Overview of the Updated QUERI Implementation Roadmap
The QUERI Implementation Roadmap systematically guides identification, implementation, and sustainment of effective practices. The Roadmap demystifies implementation science for stakeholders in a Learning Health System to ensure that effective practices are more rapidly implemented into practice to improve overall consumer health.
David Goodrich, EdD; Isomi Miake-Lye, PhD; Nicholas Bowersox, PhD, ABPP; Veronica Williams, MPH; and Amy Kilbourne, PhD, MPH
Early in FY2019, HSR&D’s Quality Enhancement Research Initiative (QUERI) began deploying an updated Implementation Roadmap (“Roadmap”) to VA clinical operational partners and investigators to provide them with a comprehensive and pragmatic approach to help clinical stakeholders deploy evidence-based practices (EBPs) into routine care. EBPs are clinical innovations, interventions, technologies, or programs derived from randomized controlled trials that show positive impact on quality, timeliness, and efficiency of care for Veterans and their families. The intent of the Roadmap is to extend the current translational pipeline by providing a common guide based on state-of-the art implementation and quality improvement science for practitioners to follow when seeking to scale-up and sustain effective practices.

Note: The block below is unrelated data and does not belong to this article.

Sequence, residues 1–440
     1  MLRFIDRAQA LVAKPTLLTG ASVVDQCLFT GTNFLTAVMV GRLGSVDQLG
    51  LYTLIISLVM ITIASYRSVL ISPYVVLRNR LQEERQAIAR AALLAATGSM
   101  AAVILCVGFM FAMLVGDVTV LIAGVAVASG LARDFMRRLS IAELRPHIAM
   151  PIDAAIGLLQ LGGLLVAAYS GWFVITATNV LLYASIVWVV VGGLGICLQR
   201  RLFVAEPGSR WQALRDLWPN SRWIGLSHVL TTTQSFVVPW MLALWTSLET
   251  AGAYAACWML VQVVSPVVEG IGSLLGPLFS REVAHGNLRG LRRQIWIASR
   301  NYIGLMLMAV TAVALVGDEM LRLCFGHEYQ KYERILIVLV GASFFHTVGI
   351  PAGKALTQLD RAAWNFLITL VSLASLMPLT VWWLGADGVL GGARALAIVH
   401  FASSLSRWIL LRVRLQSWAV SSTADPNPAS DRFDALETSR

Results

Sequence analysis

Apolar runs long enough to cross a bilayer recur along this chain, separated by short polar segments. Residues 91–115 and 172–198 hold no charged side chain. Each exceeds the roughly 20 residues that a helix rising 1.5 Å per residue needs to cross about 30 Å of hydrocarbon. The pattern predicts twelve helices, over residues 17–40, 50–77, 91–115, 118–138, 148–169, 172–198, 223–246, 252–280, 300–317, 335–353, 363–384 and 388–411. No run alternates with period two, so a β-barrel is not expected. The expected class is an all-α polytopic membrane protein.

Since 1998, QUERI has provided an embedded research-operations model to reduce the long delay that typically occurs between the generation of research evidence and its application in routine clinical practice. QUERI also has led the development and application of implementation strategies, or theory-based methods designed to reduce barriers to EBP uptake into routine care. However, based on a review of current implementation and quality improvement frameworks by the Center for Evaluation and Implementation Resources (CEIR), a recent HSR&D Evidence Synthesis Program (ESP) review of implementation strategies used in real-world health systems to improve adoption of EBPs,1 and the experience of the 15 QUERI Programs,2 it was apparent that there were few models that provided health system stakeholders (clinicians, consumers, healthcare researchers, leaders, and mangers) with a clear pathway for rapid partnership with investigators to plan, deploy, and sustain EBPs.